There are few greater pleasures in life than opening a bottle of wine from a great vintage and having it exceed your expectations. This is frustratingly rare: Too often, the wine media builds up a vintage so much that, by the time consumers have a chance to pop the cork on the wines they’ve been waiting for, the bottles tend to fall somehow short.
But once in a while you come across a confluence of vintage, region or appellation, and producer that results in a truly memorable experience. I've found this with many of the 2005 Stags Leap District Cabernets, and the top 2005s from Bordeaux haven’t disappointed me yet, either.
To this group, I’d like to add the 2007 Napa Cabernets from the best producers, including the two wines featured here today, the 2007 Mount Veeder Winery Cabernet Sauvignon and the 2007 Ehlers Estate St. Helena Cabernet Sauvignon “1886,” both of which embody exactly why consumers should seek out 2007s from Napa and fill their cellars with them.
The Mount Veeder is beautiful right out of the gate, with round, ripe berry fruit on the nose limned with deep, dark currants, cedar, tobacco, and black cherry creme brulee. On the palate, it’s loaded with ripe black cherry and black and red currants, loads of blackberry, and a bit of blueberry. For all this fruit, however, it’s a rich, detailed wine, with dusty tannins, perfectly balanced acid, and a complicating hint of violets. I’d give it another two years to integrate more fully, but even now it’s got more than enough charm, power, and balance to win you over if you do open a bottle in the short-term, especially with dinner.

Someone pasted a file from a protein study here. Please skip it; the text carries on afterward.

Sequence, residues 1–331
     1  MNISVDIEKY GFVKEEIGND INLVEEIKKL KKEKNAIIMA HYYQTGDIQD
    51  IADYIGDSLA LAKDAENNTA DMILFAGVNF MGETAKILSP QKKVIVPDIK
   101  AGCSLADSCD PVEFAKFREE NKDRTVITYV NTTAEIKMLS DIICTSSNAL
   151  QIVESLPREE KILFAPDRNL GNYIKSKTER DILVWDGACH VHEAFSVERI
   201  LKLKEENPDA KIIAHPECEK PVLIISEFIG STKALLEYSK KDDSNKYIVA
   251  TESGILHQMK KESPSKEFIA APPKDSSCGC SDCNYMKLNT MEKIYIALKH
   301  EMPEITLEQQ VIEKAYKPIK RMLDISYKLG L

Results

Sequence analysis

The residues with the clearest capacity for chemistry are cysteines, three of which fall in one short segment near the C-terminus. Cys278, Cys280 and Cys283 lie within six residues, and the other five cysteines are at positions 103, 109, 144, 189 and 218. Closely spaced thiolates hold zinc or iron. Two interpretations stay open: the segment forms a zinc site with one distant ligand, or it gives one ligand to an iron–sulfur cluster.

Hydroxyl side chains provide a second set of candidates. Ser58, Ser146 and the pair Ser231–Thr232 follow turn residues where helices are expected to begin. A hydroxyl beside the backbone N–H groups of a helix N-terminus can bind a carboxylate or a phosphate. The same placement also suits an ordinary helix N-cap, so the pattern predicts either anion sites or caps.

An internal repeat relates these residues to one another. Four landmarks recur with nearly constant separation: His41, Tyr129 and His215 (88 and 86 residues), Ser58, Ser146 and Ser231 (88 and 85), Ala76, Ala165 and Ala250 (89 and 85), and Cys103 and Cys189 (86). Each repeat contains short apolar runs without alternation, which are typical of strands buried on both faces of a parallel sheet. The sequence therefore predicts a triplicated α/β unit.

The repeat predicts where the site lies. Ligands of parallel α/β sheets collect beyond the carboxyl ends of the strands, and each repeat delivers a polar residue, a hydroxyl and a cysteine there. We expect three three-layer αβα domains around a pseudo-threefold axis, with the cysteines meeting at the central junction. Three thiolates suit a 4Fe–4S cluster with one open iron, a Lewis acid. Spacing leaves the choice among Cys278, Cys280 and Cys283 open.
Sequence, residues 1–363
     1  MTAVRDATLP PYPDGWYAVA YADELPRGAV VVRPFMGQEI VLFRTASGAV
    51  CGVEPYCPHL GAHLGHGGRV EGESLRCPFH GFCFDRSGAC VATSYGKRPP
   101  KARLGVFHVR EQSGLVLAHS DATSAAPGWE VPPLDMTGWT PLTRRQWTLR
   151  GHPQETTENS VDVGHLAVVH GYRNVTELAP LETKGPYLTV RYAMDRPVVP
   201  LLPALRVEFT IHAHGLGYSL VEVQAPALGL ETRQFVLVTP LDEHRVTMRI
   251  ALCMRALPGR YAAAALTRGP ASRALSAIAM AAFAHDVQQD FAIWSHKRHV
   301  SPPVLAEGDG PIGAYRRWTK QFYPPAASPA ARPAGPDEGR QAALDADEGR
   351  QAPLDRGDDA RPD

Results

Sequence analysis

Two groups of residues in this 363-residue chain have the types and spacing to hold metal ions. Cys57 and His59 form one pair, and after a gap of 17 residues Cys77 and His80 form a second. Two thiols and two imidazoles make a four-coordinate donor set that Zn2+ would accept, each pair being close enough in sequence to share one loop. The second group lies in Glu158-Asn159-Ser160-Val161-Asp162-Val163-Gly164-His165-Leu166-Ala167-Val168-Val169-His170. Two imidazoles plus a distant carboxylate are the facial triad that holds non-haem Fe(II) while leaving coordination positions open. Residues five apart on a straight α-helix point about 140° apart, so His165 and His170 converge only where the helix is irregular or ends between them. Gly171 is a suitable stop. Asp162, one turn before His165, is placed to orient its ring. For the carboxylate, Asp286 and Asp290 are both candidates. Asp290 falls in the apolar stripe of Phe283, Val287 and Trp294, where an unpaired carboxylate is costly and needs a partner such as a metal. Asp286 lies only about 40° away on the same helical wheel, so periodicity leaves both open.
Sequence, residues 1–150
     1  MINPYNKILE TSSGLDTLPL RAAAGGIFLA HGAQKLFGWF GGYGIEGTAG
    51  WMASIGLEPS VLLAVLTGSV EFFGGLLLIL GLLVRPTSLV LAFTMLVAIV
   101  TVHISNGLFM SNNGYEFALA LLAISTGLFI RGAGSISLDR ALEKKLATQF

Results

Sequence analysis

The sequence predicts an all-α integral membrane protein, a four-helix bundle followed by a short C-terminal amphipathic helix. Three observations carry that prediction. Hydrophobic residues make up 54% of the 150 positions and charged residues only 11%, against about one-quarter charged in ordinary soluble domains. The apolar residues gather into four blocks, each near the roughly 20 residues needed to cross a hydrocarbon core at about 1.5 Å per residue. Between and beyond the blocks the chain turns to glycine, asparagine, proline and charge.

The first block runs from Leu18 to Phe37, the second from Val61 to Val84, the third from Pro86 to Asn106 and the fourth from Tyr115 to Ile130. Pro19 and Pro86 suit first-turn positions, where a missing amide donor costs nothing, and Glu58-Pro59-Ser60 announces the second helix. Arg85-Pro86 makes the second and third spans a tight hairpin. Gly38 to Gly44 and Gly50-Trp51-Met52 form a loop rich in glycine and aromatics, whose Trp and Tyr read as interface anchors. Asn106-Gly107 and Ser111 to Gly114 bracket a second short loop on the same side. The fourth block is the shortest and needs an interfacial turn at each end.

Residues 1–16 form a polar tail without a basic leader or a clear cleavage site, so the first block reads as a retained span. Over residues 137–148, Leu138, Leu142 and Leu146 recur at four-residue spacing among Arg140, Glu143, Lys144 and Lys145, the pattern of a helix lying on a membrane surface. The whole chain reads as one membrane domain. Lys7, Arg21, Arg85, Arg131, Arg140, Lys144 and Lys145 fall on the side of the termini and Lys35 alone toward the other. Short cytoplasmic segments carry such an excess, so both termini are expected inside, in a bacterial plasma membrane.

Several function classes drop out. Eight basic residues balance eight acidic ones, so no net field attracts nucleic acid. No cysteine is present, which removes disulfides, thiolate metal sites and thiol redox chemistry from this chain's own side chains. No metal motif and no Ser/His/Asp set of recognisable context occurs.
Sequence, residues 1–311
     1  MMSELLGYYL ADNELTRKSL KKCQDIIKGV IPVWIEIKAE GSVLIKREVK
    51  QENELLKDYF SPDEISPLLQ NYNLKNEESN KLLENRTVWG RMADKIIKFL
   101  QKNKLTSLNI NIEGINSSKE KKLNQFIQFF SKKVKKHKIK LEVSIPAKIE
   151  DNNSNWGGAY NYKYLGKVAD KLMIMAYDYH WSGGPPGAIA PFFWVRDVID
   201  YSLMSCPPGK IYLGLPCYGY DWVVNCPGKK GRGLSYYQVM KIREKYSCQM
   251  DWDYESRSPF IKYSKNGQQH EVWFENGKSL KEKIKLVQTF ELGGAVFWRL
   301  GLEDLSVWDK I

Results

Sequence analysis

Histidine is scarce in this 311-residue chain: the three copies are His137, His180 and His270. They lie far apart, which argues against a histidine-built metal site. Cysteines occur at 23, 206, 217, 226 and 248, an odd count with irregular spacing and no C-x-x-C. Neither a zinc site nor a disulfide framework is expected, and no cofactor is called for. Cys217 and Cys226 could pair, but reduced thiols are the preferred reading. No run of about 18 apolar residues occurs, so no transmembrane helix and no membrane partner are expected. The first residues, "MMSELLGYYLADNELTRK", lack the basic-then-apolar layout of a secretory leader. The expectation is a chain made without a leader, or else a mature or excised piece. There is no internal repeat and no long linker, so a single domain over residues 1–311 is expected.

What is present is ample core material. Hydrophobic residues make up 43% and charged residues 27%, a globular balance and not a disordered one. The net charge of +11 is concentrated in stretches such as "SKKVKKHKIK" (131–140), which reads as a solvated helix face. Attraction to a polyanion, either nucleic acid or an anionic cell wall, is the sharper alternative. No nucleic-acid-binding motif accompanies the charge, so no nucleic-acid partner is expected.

The Ehlers Estate, on the other hand, is positively decadent right now, and smells of ripe, concentrated, and magnificently expressive crushed black raspberry, cherry compote, candied cherries, sandalwood, and caramel. All that sweet, beautiful fruit comes through on the palate, too, and is joined by chocolate caramels, grilled rosemary, toast, and acid that is 100% in harmony with the rest of the wine. This Cabernet boasts a life of 12+ years, though I’ve rarely felt tannins so superbly integrated and polished this early in their evolution.
Both of these wines, for all their aging potential, are awfully difficult to resist right now.